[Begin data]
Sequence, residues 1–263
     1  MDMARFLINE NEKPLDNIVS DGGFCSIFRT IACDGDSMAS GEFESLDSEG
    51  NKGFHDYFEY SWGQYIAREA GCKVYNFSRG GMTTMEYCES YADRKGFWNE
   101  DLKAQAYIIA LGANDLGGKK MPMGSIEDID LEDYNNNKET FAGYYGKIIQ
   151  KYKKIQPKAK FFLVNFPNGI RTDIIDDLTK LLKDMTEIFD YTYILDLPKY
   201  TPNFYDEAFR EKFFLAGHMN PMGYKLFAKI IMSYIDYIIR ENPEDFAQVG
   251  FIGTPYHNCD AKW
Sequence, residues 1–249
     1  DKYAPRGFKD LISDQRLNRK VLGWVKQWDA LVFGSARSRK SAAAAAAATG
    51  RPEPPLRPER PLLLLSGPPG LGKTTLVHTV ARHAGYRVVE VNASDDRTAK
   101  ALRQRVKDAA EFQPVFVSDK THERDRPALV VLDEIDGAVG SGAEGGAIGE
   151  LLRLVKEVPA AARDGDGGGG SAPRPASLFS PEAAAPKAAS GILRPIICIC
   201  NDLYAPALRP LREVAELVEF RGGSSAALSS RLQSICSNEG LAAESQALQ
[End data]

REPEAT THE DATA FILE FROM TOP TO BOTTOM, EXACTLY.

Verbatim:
Sequence, residues 1–263
     1  MDMARFLINE NEKPLDNIVS DGGFCSIFRT IACDGDSMAS GEFESLDSEG
    51  NKGFHDYFEY SWGQYIAREA GCKVYNFSRG GMTTMEYCES YADRKGFWNE
   101  DLKAQAYIIA LGANDLGGKK MPMGSIEDID LEDYNNNKET FAGYYGKIIQ
   151  KYKKIQPKAK FFLVNFPNGI RTDIIDDLTK LLKDMTEIFD YTYILDLPKY
   201  TPNFYDEAFR EKFFLAGHMN PMGYKLFAKI IMSYIDYIIR ENPEDFAQVG
   251  FIGTPYHNCD AKW
Sequence, residues 1–249
     1  DKYAPRGFKD LISDQRLNRK VLGWVKQWDA LVFGSARSRK SAAAAAAATG
    51  RPEPPLRPER PLLLLSGPPG LGKTTLVHTV ARHAGYRVVE VNASDDRTAK
   101  ALRQRVKDAA EFQPVFVSDK THERDRPALV VLDEIDGAVG SGAEGGAIGE
   151  LLRLVKEVPA AARDGDGGGG SAPRPASLFS PEAAAPKAAS GILRPIICIC
   201  NDLYAPALRP LREVAELVEF RGGSSAALSS RLQSICSNEG LAAESQALQ